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Prep Rally - High School

There are plenty of ways to win a game in the final minute, but none may be rarer than the one employed by Miami (Fla.) Belen Jesuit Prep on Friday. Trailing traditional powerhouse Miami (Fla.) Northwestern High 28-27 with less than 30 seconds remaining, Belen fielded a punt at the Northwestern 39-yard line.

Belen Jesuit football

That's when things got interesting. According to the Miami Herald, rather than take a few shots down the field, Belen coach Rich Stuart made one of the rarest calls in all of football: He had his team attempt a free kick.

"It's unusual, but it is completely legal," Greater Miami Athletic Conference head of football officials Joe Underwood told the Herald. "It is a free kick that can be taken following a fair catch, and it doesn't matter if it is off a kicking tee or not."

Hardly ever used outside of high school football (you can see former Arizona Cardinals turned Houston Texans kicker Neil Rackers attempt a free kick -- and miss horribly -- in an NFL game here), a free kick allows a team to attempt a field goal off a tee or held by a holder, just like a kickoff, after it fair catches a punt. Only the opposing team can return a miss (since a block is made impossible) and the opposing team must stand a full 10 yards away from the line of scrimmage. The kick is worth three points, just as any other field goal is.

For Belen's kick, the placing at the 39-yard line made the free kick a 49-yard attempt by placekicker Sergio Sroka, who had missed a potential go-ahead field goal just moments before.

This time Sroka drilled the kick, giving the Wolverines an unlikely 30-28 lead, an edge which was padded by an interception return for a touchdown by Michael Ugarte to complete the 36-28 final score.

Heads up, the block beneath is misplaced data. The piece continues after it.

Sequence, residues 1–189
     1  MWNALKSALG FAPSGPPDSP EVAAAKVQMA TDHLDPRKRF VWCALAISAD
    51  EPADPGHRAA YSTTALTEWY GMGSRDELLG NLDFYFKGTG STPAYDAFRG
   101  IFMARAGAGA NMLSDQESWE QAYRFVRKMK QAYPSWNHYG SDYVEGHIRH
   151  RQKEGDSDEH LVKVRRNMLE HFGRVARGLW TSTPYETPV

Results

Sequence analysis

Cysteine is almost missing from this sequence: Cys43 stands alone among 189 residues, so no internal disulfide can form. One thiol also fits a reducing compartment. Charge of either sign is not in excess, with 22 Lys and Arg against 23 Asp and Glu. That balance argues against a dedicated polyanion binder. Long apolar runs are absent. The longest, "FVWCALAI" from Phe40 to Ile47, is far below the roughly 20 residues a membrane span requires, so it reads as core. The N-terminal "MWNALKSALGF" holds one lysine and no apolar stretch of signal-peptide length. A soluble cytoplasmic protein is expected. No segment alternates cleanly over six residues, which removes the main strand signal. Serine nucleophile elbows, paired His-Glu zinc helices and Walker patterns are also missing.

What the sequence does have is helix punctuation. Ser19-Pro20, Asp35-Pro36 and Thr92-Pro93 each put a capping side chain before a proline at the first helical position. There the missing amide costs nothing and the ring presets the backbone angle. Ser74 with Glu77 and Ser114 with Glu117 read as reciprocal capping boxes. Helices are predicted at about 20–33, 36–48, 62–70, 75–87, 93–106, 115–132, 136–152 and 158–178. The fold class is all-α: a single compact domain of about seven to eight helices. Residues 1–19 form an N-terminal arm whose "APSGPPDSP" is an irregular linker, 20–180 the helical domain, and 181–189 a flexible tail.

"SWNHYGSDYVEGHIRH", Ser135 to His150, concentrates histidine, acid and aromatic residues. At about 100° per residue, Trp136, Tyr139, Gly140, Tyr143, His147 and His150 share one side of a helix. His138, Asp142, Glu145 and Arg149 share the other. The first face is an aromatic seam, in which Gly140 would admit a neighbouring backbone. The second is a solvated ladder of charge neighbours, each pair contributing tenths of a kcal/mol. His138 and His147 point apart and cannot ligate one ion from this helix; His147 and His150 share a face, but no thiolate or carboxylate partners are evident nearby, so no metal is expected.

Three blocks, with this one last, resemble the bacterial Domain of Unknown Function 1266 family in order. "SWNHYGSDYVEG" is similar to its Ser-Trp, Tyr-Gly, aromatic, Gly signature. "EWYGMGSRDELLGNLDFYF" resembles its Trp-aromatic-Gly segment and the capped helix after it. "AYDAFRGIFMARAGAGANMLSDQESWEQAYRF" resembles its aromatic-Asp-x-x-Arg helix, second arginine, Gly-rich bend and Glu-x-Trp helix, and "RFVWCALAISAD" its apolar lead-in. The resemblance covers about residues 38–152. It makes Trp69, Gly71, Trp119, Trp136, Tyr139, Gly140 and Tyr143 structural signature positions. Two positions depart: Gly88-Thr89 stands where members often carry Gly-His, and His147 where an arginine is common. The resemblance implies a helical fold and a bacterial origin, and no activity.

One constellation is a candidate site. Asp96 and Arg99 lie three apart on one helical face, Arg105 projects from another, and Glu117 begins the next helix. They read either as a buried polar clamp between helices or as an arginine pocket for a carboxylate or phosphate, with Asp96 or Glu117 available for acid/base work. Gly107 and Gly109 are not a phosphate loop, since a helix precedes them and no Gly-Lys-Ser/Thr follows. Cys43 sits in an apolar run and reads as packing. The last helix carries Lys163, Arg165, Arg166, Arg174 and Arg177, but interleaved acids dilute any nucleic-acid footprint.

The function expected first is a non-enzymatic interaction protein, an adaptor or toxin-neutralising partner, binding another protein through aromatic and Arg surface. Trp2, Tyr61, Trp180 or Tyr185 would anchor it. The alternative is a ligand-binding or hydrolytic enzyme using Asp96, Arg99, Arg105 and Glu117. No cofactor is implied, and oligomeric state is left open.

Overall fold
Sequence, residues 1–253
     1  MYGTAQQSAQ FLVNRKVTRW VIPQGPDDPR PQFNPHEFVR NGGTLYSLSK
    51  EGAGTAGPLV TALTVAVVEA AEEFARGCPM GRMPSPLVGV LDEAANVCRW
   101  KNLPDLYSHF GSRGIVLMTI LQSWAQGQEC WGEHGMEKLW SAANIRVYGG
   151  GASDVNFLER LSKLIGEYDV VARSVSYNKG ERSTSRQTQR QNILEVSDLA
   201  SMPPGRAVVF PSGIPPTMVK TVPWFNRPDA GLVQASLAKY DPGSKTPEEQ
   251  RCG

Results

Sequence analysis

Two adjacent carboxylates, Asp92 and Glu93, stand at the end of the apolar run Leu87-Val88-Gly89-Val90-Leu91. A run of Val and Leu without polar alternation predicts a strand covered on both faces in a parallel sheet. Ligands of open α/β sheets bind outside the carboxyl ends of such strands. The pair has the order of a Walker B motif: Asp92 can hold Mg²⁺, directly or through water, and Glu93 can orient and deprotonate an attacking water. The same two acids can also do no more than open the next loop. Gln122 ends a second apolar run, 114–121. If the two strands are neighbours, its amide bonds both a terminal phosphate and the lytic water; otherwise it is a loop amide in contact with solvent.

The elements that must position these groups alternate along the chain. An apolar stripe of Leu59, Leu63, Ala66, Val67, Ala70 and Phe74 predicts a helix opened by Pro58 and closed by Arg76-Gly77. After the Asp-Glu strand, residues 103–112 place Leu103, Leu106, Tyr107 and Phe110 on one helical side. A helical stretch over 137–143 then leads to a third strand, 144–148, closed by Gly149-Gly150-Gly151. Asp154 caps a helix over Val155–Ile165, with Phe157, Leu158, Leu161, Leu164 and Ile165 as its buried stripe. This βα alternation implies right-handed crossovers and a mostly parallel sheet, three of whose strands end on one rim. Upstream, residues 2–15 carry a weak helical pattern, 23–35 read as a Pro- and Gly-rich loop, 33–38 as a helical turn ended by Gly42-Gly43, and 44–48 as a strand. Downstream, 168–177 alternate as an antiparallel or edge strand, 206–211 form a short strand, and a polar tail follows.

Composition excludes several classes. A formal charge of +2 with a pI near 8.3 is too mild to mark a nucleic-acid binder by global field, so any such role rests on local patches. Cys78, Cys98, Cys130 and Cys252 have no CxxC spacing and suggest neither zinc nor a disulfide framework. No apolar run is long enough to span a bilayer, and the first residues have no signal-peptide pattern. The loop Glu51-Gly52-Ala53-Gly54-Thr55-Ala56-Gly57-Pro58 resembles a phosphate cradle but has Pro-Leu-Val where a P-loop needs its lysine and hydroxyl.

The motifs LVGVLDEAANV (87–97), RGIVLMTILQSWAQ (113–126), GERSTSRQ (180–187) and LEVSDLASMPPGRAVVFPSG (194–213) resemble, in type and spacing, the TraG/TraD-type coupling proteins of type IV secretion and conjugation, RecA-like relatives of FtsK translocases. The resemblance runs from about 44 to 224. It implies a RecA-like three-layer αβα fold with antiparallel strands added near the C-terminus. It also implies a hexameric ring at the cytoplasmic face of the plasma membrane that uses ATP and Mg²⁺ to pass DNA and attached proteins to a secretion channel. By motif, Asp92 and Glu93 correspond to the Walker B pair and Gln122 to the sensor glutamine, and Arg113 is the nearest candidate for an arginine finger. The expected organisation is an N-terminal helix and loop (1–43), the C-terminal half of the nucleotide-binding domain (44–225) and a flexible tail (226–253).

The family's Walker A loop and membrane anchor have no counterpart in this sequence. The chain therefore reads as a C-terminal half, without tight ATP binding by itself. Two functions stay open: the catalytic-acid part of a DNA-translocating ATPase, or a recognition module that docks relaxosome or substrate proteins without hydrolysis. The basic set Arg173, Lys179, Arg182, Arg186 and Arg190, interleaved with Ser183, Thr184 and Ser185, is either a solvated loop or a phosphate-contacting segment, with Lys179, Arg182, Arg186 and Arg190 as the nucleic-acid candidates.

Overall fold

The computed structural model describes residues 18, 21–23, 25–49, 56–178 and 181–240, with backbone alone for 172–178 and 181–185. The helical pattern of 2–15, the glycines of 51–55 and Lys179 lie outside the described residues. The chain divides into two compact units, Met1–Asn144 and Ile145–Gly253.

You can see video of Sroka's kick directly below.

If you haven't heard about the free kick rule before, don't worry, you're hardly alone. In fact, even Sroka himself didn't know about the rule until he lined up to try the game-winning kick.

"I didn't think I'd get another shot after I missed. I never knew about that kick or that we could do that. It was a lot of pressure off my shoulders."

According to Stuart, the program was only made aware of its ability to try a free kick by Julio Fortay, a math teacher at the school who is a retired official and once served as the head of GMAC football officials.

The unlikely kick capped an even more unlikely rally for the Wolverines, who trailed a powerful Northwestern squad 28-7. Perhaps more notably, the upset has set the stage for a huge heated rivalry contest in the coming week, with 5-2 Northwestern needing a win against undefeated Miami (Fla.) Central High just to qualify for the state playoffs.

Of course, that just makes Belen's win all the more important.

"When we got into this district we knew it would be tough," Stuart told the Herald. "Our kids have beaten good teams in the past, so they were battle-tested and ready."

The Wolverines were battle-tested, ready and, as it turns out, they had a heck of an ace up their sleeves which Stuart pulled out at precisely the right time.

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